Decimal
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 This article aims to be an accessible introduction. For the mathematical definition, see Decimal representation.
Numeral systems by culture 


Positional systems by base 
Decimal (10) 
Nonstandard positional numeral systems 
List of numeral systems 
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The decimal numeral system (also called base ten or occasionally denary) has ten as its base. It is the numerical base most widely used by modern civilizations.^{[1]}^{[2]}
Decimal notation often refers to a base10 positional notation such as the HinduArabic numeral system or rod calculus;^{[3]} however, it can also be used more generally to refer to nonpositional systems such as Roman or Chinese numerals which are also based on powers of ten.
Decimals also refer to decimal fractions, either separately or in contrast to vulgar fractions. In this context, a decimal is a tenth part, and decimals become a series of nested tenths. There was a notation in use like "tenthmetre", meaning the tenth decimal of the metre, currently an Angstrom. The contrast here is between decimals and vulgar fractions, and decimal divisions and other divisions of measures, like the inch. It is possible to follow a decimal expansion with a vulgar fraction; this is done with the recent divisions of the troy ounce, which has three places of decimals, followed by a trinary place.
Decimal notation
Decimal notation is the writing of numbers in a base10 numeral system. Examples are Greek numerals, Roman numerals, Brahmi numerals, and Chinese numerals, as well as the HinduArabic numerals used by speakers of many European languages. Roman numerals have symbols for the decimal powers (1, 10, 100, 1000) and secondary symbols for half these values (5, 50, 500). Brahmi numerals have symbols for the nine numbers 1–9, the nine decades 10–90, plus a symbol for 100 and another for 1000. Chinese numerals have symbols for 1–9, and additional symbols for powers of 10, which in modern usage reach 10^{72}.
However, when people who use HinduArabic numerals speak of decimal notation, they often mean not just decimal numeration, as above, but also decimal fractions, all conveyed as part of a positional system. Positional decimal systems include a zero and use symbols (called digits) for the ten values (0, 1, 2, 3, 4, 5, 6, 7, 8, and 9) to represent any number, no matter how large or how small. These digits are often used with a decimal separator which indicates the start of a fractional part, and with a symbol such as the plus sign + (for positive) or minus sign − (for negative) adjacent to the numeral to indicate whether it is greater or less than zero, respectively.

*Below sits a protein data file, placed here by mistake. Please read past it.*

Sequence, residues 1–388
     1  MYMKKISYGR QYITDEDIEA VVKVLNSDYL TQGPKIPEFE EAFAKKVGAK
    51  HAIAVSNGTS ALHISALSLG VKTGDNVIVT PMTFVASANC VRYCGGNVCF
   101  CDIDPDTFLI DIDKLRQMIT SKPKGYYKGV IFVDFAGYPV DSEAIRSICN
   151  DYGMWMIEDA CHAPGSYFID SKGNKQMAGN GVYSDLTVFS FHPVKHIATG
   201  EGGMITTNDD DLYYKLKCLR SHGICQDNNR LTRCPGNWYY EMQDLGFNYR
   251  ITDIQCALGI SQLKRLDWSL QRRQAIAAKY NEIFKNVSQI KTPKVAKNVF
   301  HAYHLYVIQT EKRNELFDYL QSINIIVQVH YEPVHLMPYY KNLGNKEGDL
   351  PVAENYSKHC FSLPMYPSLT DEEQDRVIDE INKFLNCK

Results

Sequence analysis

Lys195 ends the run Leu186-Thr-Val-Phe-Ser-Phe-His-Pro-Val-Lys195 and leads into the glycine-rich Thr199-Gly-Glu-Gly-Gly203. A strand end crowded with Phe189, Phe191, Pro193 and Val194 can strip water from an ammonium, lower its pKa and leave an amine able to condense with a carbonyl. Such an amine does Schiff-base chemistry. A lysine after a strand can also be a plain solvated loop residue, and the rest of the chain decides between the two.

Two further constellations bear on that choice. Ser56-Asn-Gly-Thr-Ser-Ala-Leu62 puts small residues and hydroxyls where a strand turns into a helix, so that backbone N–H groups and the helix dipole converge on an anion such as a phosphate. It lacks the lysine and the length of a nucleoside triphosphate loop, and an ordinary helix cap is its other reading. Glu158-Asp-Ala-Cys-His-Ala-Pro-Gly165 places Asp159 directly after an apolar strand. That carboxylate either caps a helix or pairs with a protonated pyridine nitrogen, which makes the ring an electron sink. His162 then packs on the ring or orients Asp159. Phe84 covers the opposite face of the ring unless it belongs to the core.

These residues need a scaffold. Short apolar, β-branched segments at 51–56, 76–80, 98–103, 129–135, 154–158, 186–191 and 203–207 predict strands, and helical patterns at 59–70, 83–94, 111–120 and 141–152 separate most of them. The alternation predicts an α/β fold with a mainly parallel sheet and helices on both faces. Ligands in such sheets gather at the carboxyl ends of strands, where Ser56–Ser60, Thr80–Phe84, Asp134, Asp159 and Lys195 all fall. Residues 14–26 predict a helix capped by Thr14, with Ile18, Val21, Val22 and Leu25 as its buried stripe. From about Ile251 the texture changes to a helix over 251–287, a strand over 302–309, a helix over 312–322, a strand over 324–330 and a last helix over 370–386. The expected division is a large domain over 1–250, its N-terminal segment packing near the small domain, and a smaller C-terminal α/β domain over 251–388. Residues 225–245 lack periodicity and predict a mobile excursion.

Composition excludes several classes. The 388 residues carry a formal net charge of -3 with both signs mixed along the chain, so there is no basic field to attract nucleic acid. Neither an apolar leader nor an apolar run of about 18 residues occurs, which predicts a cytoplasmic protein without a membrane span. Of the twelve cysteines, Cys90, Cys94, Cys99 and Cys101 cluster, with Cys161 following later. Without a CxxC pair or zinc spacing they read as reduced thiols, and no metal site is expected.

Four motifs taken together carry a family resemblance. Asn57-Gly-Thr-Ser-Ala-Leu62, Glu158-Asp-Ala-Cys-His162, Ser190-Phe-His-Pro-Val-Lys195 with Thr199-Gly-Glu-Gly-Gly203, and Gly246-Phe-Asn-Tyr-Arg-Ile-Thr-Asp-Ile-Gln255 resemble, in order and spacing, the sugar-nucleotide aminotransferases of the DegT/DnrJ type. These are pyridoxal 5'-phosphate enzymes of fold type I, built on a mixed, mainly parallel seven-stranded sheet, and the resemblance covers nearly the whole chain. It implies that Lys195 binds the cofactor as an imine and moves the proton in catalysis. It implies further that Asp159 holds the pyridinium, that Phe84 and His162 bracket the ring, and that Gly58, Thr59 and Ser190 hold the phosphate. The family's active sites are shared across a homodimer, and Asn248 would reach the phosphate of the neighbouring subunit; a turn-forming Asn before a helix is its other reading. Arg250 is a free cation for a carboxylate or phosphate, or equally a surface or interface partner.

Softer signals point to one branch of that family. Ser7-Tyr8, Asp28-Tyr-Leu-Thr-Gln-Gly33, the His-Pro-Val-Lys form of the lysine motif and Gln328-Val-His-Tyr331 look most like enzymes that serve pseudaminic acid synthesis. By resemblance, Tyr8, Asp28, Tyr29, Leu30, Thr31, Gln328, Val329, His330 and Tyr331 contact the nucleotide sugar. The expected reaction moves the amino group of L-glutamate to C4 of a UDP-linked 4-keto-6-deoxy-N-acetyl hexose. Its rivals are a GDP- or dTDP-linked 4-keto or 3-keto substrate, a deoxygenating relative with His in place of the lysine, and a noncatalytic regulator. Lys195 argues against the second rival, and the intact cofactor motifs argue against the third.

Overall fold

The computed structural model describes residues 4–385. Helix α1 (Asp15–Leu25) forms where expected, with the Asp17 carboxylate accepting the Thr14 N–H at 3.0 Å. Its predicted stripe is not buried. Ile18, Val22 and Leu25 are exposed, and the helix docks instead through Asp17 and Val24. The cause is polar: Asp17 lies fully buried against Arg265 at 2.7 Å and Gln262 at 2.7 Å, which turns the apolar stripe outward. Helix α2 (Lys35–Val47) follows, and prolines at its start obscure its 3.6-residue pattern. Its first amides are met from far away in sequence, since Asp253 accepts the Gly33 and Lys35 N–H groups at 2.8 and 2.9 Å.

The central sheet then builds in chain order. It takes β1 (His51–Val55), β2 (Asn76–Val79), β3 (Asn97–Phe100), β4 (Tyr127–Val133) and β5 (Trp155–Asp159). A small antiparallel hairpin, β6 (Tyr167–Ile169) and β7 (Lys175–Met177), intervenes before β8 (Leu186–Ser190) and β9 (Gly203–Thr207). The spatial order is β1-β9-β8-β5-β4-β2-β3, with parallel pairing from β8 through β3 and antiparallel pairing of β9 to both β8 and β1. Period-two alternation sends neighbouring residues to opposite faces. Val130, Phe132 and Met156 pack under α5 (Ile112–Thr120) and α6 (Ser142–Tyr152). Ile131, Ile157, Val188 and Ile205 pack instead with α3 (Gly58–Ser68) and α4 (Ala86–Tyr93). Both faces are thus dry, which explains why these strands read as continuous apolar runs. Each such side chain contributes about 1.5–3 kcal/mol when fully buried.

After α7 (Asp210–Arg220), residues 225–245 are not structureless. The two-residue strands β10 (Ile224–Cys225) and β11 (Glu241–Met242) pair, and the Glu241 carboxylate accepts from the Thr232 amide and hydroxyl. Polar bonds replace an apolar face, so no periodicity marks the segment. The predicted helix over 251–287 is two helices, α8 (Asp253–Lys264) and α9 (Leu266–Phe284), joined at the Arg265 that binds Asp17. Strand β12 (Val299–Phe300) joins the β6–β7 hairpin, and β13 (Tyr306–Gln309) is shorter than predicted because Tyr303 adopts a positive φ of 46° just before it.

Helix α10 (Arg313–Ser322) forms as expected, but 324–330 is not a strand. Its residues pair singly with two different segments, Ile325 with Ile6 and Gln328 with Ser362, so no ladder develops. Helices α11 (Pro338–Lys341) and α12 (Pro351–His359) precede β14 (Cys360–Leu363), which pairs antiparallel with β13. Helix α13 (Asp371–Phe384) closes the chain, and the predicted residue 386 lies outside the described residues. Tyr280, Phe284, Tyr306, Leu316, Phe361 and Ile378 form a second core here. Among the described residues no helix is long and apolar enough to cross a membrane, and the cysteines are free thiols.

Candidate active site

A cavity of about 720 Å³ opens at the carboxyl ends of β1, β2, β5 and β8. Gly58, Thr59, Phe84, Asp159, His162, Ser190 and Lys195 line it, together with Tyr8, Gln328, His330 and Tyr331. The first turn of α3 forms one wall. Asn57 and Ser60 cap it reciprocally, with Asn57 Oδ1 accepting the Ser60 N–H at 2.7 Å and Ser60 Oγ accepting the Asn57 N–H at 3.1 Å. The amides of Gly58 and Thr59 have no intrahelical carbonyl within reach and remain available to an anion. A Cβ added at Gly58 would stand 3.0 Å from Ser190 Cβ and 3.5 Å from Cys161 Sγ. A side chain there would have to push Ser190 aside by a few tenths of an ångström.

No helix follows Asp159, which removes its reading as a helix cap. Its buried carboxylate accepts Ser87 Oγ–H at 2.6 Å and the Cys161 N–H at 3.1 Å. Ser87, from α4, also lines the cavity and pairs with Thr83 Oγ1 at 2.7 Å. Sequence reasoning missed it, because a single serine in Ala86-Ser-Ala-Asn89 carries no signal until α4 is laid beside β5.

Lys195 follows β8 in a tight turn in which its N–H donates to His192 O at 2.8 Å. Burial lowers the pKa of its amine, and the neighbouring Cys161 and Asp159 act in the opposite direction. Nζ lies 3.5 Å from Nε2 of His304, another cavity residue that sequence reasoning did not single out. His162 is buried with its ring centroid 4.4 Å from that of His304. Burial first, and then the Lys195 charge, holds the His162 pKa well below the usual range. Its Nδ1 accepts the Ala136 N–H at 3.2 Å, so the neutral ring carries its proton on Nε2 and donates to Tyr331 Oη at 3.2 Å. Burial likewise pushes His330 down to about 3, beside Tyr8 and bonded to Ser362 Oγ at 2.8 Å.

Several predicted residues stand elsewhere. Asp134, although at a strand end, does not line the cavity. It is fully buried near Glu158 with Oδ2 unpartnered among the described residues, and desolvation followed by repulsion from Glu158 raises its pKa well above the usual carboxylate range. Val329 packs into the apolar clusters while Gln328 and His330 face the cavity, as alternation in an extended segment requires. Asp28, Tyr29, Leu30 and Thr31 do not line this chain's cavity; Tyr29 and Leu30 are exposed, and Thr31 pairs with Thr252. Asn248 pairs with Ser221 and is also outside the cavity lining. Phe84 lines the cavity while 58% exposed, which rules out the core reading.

Positional notation uses positions for each power of ten: units, tens, hundreds, thousands, etc. The position of each digit within a number denotes the multiplier (power of ten) multiplied with that digit—each position has a value ten times that of the position to its right. There were at least two presumably independent sources of positional decimal systems in ancient civilization: the Chinese counting rod system and the HinduArabic numeral system (the latter descended from Brahmi numerals).
Ten is the number which is the count of fingers and thumbs on both hands (or toes on the feet). The English word digit as well as its translation in many languages is also the anatomical term for fingers and toes. In English, decimal (decimus < Lat.) means tenth, decimate means reduce by a tenth, and denary (denarius < Lat.) means the unit of ten.
The symbols for the digits in common use around the globe today are called Arabic numerals by Europeans and Indian numerals by Arabs, the two groups' terms both referring to the culture from which they learned the system. However, the symbols used in different areas are not identical; for instance, Western Arabic numerals (from which the European numerals are derived) differ from the forms used by other Arab cultures.
Decimal fractions
A decimal fraction is a fraction the denominator of which is a power of ten.^{[4]}